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How To Participate

Learn about your local birds! The following ideas will help get you started:

  • Knowledge Building Circle - Prepare for your bird studies by sharing classroom knowledge about birds. Pass around a feather or other bird-themed object for each student to share a word or topic about birds. Build and display your classroom bird word wall or organize into a mind map.
  • Classroom Bird Experts - Choose a local bird species for each student to research for a presentation or display. Collectively, you will be a classroom of bird experts!
  • Birds and Technology - Check out these great resources to assist with identification or research activities: Hinterland Who's Who, All About Birds, iBird Canada App, Merlin Bird ID App, eBirdCanada.
  • Bird Bulletin Board - Display bird posters, a sightings list, news items, bird facts, photos, and art on a school bulletin board. Share photos with other classes using the hashtag #BirdBulletinBoard!

Prepare for your bird count:

  • Download your region-specific Bird ID Guide. Print a card in colour, double-sided, for each student. You may choose to laminate the cards for use outside or subsequent activities.
  • Print a Bird Tally form to record observations during your bird count.
  • Encourage students to bring in field guides, binoculars, or posters from home to assist with bird identification.
  • For extra bird expertise, invite any birding parents to help with the count, or connect with your local naturalist club for a volunteer.

Go birding!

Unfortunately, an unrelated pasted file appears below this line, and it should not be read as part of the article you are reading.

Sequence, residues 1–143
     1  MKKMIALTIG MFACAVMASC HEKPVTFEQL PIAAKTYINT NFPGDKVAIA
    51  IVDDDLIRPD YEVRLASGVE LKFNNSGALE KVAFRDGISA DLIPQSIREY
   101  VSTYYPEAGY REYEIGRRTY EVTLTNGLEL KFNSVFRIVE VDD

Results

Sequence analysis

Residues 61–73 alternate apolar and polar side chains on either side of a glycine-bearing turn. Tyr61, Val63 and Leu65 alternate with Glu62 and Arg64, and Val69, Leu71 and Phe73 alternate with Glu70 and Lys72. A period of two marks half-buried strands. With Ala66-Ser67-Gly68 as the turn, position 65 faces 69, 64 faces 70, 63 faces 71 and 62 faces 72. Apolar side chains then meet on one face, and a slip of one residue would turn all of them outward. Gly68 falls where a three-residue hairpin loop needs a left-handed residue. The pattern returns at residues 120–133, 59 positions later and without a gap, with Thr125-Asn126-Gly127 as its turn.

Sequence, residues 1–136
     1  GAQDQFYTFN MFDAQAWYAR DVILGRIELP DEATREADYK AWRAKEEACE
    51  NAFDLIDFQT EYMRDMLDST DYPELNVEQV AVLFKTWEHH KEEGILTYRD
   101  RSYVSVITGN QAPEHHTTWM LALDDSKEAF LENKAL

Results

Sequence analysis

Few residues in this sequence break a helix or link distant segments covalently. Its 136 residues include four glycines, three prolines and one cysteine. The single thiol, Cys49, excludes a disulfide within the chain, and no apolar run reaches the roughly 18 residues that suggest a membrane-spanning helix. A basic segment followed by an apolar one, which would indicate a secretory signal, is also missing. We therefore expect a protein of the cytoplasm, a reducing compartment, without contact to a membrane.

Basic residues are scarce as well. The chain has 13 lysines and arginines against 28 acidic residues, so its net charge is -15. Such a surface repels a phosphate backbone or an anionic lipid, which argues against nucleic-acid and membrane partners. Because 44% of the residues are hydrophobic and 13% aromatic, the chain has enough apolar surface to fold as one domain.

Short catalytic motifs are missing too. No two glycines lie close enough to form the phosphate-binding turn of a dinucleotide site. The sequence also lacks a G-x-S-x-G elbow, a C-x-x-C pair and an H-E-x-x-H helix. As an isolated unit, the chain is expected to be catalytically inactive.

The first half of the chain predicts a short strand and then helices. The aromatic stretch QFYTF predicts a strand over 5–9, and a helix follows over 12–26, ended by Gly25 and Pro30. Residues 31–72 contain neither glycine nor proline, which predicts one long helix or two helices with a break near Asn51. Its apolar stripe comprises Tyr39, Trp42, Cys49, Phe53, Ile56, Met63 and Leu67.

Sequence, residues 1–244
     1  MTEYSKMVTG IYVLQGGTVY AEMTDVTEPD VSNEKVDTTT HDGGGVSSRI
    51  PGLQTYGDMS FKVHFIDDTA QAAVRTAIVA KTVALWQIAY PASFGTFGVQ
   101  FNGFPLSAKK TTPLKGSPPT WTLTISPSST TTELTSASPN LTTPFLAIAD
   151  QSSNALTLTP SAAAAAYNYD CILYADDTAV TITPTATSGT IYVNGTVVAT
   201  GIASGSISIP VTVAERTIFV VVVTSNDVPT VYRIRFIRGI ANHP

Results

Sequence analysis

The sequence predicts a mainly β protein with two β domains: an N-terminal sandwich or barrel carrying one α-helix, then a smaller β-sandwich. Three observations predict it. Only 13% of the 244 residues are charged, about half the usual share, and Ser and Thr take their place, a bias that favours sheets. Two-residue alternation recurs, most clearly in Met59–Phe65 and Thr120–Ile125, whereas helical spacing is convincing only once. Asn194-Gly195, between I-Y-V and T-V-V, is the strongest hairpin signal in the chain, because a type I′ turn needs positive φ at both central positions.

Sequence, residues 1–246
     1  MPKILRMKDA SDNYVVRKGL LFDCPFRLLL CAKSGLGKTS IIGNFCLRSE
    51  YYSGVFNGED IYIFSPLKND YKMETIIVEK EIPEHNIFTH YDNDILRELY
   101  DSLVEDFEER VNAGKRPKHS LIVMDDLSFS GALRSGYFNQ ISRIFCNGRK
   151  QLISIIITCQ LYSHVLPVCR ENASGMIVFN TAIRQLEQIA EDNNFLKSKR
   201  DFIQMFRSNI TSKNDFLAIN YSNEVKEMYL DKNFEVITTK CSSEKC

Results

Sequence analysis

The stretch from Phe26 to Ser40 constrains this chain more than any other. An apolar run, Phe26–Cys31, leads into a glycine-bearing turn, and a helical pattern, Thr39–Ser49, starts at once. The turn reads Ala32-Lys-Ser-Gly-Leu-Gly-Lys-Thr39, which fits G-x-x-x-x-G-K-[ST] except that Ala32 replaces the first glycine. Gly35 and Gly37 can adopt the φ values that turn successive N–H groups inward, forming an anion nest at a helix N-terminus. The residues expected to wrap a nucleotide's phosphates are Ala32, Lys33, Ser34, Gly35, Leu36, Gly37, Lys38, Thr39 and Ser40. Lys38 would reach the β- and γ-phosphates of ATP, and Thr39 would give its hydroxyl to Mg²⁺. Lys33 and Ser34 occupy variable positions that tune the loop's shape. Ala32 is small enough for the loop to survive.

• Choose any day in May to conduct your bird count.
  • Bird counts can be as short as 15 minutes, or up to a full day.
  • Designate one student to record group observations on the Bird Tally form.
  • Travel around your schoolyard or neighbourhood as a large group, or separate into smaller groups. Try to reach all the different habitats that make up your schoolyard.
  • Encourage students to be observant, using eyes and ears to find birds.
  • Identify and count all the birds you see at your schoolyard or surrounding neighbourhood. Try not to double-count moving birds!
  • Use the Bird Tally sheet to help keep track of your efforts and observations.

Report your observations:

  • Submit your bird count observations through the NatureCounts data portal.
  • Share your bird count results with your school community through intercom announcements, a bird bulletin board, a classroom or school newsletter, or local media!
  • Share your birding adventures with Bird Studies Canada! Email highlights and photos to education@birdscanada.org. Or connect with us on Twitter at @BSC_Education, using the hashtag #SchoolyardBirdBlitz
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